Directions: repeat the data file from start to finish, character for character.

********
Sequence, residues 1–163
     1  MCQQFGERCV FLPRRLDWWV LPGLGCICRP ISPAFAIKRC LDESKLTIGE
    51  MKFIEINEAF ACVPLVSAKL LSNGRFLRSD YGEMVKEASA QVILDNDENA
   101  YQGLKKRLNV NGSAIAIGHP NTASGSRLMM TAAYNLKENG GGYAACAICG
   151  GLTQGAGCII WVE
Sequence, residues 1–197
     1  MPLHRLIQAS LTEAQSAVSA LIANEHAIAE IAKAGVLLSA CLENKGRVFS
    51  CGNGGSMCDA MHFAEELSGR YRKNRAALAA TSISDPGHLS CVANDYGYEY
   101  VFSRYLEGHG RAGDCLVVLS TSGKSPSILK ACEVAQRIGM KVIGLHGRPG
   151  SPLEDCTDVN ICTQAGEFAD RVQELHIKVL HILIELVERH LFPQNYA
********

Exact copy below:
Sequence, residues 1–163
     1  MCQQFGERCV FLPRRLDWWV LPGLGCICRP ISPAFAIKRC LDESKLTIGE
    51  MKFIEINEAF ACVPLVSAKL LSNGRFLRSD YGEMVKEASA QVILDNDENA
   101  YQGLKKRLNV NGSAIAIGHP NTASGSRLMM TAAYNLKENG GGYAACAICG
   151  GLTQGAGCII WVE
Sequence, residues 1–197
     1  MPLHRLIQAS LTEAQSAVSA LIANEHAIAE IAKAGVLLSA CLENKGRVFS
    51  CGNGGSMCDA MHFAEELSGR YRKNRAALAA TSISDPGHLS CVANDYGYEY
   101  VFSRYLEGHG RAGDCLVVLS TSGKSPSILK ACEVAQRIGM KVIGLHGRPG
   151  SPLEDCTDVN ICTQAGEFAD RVQELHIKVL HILIELVERH LFPQNYA